Geophysical Research Letters

Correction to “Carbon sequestration and greenhouse gas emissions in urban turf”

Authors

  • Amy Townsend-Small,

  • Claudia I. Czimczik

Errata

This article corrects:

  1. Carbon sequestration and greenhouse gas emissions in urban turf Volume 37, Issue 2, Article first published online: 22 January 2010

[1] In the paper “Carbon sequestration and greenhouse gas emissions in urban turf” by A. Townsend-Small and C.I. Czimczik (Geophysical Research Letters, 37, L02707, doi:10.1029/2009GL041675, 2010), we discovered an error in the calculation of carbon dioxide (CO2) emissions from fuel consumption during turfgrass maintenance. The data for fuel consumption and park area described in the original publication are correct. Park management contractors use about 2700 gallons of gasoline per month to maintain a total park area of about 2 × 106 m2 [Townsend-Small and Czimczik, 2010]. We assumed that one gallon of gasoline equaled 2421 g C [Environmental Protection Agency, 2005] and a combustion efficiency of 85% [Lal, 2004]. This results in CO2 emissions from fuel usage of 122 g CO2 m−2 yr−1, not 1469 g CO2 m−2 yr−1 as originally reported [Townsend-Small and Czimczik, 2010], or about 24% of the organic carbon (OC) storage per m−2 shown in ornamental lawns (Figure 3 of the current study).

Figure 3.

(a) Global warming potential of soil OC sequestration and N2O emissions in ornamental lawns and athletic fields. Error in GWP-N2O is based on the mean fertilizer pulse ± its SE, ± the 25% or 75% interquartile of the baseline flux. Error in soil GWP is estimated from the mean OC stock at each time point ± SE. (b) Same as Figure 3a, but including estimates of CO2 emissions from fuel use, fertilizer production, and irrigation.

[2] This changes the total global warming potential (GWP) of both ornamental lawns and athletic fields (Figure 3b). Based on this correction, the total GWP of ornamental lawns ranges from −108 g CO2 m−2 yr−1 for the low fertilization scenario (10 g N m−2 yr−1) to +285 g CO2 m−2 yr−1 for the high fertilizer scenario (75 g N m−2 yr−1). In athletic fields, which do not store OC in soils, there is a positive GWP ranging from +405 to +798 g CO2 m−2 yr−1 for the low and high fertilizer scenarios, respectively. Our estimates of global warming potential also have errors associated with our measurements of carbon sequestration and N2O production (error bars in Figure 3). Ornamental lawn OC sequestration ranges from −513 +37 to −513 −73 g CO2 m−2 yr−1, with uncertainties estimated from calculating OC sequestration rates based on the standard error (SE) of OC stocks at each time point. N2O emissions range from 45 +108 to 45 −25 g CO2 m−2 yr−1 at a fertilization rate of 10 g N m−2 yr−1 and from 145 + 109 to 145 − 73 g CO2 m−2 yr−1 at a fertilization rate of 75 g N m−2 yr−1. Uncertainties in N2O emissions were calculated from the SE of flux during fertilizer pulses and the 25% or 75% interquartile of the baseline flux.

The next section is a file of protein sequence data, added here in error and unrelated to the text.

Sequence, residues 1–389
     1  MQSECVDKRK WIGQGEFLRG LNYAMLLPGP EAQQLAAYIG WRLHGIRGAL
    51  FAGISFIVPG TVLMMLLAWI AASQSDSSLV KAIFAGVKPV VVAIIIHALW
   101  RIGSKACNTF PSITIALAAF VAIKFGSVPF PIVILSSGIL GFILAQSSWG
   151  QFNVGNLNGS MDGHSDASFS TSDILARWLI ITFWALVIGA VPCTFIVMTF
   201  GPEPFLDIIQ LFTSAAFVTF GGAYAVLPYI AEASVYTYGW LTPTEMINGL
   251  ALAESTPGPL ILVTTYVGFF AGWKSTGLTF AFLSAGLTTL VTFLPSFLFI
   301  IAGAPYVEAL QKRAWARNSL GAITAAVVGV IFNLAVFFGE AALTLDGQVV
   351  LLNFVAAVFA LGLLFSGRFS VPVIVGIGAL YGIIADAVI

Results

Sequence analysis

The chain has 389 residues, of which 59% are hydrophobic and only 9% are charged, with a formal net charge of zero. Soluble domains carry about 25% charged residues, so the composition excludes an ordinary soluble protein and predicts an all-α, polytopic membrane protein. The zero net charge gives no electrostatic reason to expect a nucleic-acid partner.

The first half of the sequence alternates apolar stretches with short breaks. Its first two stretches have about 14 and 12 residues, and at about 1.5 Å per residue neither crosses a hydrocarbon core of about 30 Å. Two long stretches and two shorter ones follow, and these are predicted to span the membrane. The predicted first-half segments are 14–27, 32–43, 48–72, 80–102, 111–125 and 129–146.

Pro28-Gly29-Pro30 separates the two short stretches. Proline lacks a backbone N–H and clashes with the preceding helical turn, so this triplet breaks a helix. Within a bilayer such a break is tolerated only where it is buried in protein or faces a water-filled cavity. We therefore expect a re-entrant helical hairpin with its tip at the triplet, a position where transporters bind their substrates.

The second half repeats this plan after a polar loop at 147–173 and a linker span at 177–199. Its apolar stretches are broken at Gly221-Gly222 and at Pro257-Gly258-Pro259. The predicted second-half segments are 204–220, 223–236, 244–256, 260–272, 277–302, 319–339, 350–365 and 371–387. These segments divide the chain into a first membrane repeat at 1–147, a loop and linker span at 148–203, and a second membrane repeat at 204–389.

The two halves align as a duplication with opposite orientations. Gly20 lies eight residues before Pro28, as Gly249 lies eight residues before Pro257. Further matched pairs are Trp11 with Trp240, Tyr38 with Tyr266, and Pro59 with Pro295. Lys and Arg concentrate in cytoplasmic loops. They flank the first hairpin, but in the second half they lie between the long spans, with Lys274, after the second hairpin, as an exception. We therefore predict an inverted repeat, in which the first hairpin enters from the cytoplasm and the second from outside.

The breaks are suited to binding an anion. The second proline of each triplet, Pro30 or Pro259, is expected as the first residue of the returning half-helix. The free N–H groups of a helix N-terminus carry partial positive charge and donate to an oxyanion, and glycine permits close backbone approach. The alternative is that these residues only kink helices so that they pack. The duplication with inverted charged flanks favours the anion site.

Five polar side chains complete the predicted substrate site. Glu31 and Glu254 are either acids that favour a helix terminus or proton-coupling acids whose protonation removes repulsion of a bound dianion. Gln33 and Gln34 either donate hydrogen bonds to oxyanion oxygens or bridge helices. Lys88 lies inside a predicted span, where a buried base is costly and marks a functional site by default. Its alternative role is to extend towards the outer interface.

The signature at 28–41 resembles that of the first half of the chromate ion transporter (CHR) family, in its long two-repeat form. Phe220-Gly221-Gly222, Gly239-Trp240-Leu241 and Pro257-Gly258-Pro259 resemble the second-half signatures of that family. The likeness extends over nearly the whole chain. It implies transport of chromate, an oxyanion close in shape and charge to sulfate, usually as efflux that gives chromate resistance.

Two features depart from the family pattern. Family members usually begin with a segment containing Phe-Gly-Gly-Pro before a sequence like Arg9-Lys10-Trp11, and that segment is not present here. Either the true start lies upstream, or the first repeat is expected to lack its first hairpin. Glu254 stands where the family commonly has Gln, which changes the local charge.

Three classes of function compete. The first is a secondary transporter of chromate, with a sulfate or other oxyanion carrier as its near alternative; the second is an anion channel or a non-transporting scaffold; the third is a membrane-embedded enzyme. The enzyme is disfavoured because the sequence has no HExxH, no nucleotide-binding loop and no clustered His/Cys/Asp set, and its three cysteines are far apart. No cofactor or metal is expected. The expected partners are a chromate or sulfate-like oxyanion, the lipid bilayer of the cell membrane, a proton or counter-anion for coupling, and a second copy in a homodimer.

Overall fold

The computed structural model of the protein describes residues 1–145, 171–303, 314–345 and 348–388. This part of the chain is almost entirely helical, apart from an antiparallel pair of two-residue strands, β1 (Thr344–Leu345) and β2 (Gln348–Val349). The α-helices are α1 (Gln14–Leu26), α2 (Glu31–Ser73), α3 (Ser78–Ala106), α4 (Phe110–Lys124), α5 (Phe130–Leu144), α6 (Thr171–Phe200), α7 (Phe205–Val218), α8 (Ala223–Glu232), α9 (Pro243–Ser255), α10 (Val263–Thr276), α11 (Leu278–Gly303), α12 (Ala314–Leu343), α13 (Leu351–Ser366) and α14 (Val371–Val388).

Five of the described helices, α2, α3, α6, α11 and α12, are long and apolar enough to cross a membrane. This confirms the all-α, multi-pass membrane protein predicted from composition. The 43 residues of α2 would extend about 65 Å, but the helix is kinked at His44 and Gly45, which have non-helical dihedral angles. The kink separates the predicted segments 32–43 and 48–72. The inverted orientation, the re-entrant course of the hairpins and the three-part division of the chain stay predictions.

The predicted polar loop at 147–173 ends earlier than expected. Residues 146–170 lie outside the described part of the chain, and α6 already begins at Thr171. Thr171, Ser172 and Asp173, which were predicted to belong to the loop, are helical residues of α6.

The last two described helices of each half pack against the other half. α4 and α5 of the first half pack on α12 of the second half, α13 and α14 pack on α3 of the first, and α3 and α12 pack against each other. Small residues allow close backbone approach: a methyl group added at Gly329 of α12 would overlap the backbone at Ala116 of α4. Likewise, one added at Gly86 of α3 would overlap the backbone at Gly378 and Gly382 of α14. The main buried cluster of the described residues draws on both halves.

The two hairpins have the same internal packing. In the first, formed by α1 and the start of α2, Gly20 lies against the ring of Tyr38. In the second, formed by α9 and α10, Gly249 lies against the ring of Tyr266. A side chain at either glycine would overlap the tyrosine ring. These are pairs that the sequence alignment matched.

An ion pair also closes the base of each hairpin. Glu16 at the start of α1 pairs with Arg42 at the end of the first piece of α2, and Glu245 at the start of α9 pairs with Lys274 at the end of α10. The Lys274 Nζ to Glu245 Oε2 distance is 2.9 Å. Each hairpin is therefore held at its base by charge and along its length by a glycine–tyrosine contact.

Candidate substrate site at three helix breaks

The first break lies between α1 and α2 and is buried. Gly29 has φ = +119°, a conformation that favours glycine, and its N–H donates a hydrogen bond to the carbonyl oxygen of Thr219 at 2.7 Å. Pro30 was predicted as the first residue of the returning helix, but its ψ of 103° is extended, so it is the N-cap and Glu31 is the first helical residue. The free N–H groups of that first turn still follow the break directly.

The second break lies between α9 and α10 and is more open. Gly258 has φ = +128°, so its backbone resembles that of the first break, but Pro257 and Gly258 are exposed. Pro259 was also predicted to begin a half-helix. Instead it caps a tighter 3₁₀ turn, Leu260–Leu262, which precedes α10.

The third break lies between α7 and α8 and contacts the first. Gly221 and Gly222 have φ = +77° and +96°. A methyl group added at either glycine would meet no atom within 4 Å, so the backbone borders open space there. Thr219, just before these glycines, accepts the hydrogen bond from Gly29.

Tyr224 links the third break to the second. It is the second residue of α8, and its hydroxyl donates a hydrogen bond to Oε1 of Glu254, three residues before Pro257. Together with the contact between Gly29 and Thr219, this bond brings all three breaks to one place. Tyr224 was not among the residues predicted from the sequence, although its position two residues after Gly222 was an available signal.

[3] This reanalysis shows that there may be a potential for urban ornamental lawns to sequester atmospheric CO2 if they are managed conservatively (Figure 3b). However, intensive management practices such as frequent application of inorganic fertilizers, irrigation, and fuel consumption from mowing and leaf blowing all decrease the likelihood that urban turfgrass can mitigate greenhouse gas emissions in cities.

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